Is it possible to capture screen in MS-DOS and save the screen as a JPEG image?

  • 3
    Do you really mean DOS or do you mean the command prompt under Windows?
    – paxdiablo
    Jun 16 '10 at 7:30
  • No I mean DOS only DOS without window OS.
    – Siddiqui
    Jun 16 '10 at 7:33
  • 2
    Good luck with that. Me, I'd break out the digital camera and take a quick snapshot, then load it into a real OS :-)
    – paxdiablo
    Jun 16 '10 at 7:35
  • Using virtual machine will be way easier than writing your own resident program, and dealing with all possible DOS screen modes. You may also want to google for "MS-DOS printscreen" - people mention some freeware software for that.
    – SigTerm
    Jun 16 '10 at 7:53
  • Do you mean a command line OS or IBM Disk Operating System? Oct 5 '11 at 19:23

You could use a virtual machine (for example VMWare Player or VirtualBox) and run DOS within that. Then (as it is running in a window), you could create a screenshot for that window.

Other than that: I can remember that there used to be TSR ("terminate but stay resident") programs for DOS that stored the content of the screen (ASCII characters) as text files when pressing a key, but of course they could not store any colors.


If you are using Windows you may use cmd to call a console. Then you an use the print screen funtion to create an image.

Using Debian you may use a terminal and the built in screenshot functionality.

But i guess you are reffering to a real command only environment. In that case you will need to have another program (TSR) to run in the background which will listen to a key combination to either print or save your screen.

Doscap.exe seems to be one of those programs, but i wasn't able to find a place where you can download it.

EDIT: Looks like i found what you need here. It is a collection of dos utilities, have a look at Screen Capture v2.01.


Just recently I needed to take screenshots in DOS and looked up some old programs I used way back when as well as some new ones. Among the best were

There is also a shareware one called Grabber and another freeware one called Capture.

A few things should be pointed out:

  1. Some capture in ASCII mode (ie, create text/ANSI files) while others capture graphics (ie, create JPG/BMP) files. (Either way, you can convert the results manually.)
  2. They may not work depending on the screen. Usually they work by installing a TSR to intercept screen writes. That means that something that is output via direct hardware writes cannot be captured unless the software has the ability to read the graphics card's buffer/memory.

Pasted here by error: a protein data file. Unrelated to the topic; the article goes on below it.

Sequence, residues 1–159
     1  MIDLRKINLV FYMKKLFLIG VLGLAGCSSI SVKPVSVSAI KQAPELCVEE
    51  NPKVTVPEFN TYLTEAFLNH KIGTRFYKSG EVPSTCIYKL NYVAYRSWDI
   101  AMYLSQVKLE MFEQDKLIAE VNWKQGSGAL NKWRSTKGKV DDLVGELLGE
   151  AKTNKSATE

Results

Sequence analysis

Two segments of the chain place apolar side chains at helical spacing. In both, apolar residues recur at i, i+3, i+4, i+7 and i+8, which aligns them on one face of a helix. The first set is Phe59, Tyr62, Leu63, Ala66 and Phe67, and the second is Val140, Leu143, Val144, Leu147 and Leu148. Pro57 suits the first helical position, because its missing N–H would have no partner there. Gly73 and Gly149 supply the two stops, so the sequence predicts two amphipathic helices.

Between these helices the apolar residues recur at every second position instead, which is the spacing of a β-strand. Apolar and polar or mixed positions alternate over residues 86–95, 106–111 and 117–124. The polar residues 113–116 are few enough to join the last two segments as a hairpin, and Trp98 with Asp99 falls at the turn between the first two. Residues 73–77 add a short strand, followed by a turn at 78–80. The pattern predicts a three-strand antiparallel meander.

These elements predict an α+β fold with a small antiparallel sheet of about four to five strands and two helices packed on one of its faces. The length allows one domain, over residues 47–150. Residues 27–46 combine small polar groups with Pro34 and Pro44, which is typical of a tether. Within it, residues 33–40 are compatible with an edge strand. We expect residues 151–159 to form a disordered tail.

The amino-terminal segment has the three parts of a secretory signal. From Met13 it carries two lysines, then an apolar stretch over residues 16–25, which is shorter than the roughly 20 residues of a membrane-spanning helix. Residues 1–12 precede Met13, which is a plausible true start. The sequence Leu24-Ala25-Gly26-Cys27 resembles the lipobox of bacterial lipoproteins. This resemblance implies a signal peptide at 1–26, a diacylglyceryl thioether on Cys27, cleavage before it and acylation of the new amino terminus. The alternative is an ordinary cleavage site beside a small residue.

if you simply need to save the output of a command in a file you can simply use the ">" to redirect it

dir > test.txt

will redirect the directory listing to a text file called test.txt

  • I have a GUI which is running on DOS, I want to capture the screen of GUI.
    – Siddiqui
    Jun 16 '10 at 7:35
  • @Arman Isn't DOS just some white text on a black screen ?
    – DrDro
    Jun 16 '10 at 7:38
  • @DrDro, I have my own application in DOS, which I want to capture.
    – Siddiqui
    Jun 16 '10 at 7:40
  • 1
    Shows how much you know DrDro - you can do fullscreen apps in DOS. In fact Windows 3.1 needed DOS! Jun 16 '10 at 7:53
  • @graham Shows how much I got misleaded by the original question not mentioning any app. But thanks for the lesson...
    – DrDro
    Jun 17 '10 at 6:33

Just to throw it out there for a programmatic solution - read out current screen's memory buffer, get the character map bitmap from the graphics card, get the color palette for all 32 text-mode colors, put it all together, build a graphics file using all this data and compress as .jpg.

But capturing the screen from a VirtualBox machine should be probably easier. ;)


I remember there used to be a DOS program called screenthief, perhaps look for that.


If you are using DOS-prompt in Windows, press Alt-PrintScreen. It copies the current window (for example the DOS-prompt window) into clipboard. (The DOS-prompt must be displayed in a window, not full screen).

Pressing PintScreen or Ctrl-PrintScreen copies the whole screen.

You can then paste it in an image editing application such as Paint and then save as JPG (or preferably as PNG which is non-destructinve format).

If you are using real MS-DOS (which was still distributed with Windows-98), you can press PrintScreen to print text screen on your default printer. To grab the text (perhaps with color) or graphical screen into a file, you need a screen capture program. Some may still be available, Google for MS-DOS screen capture.

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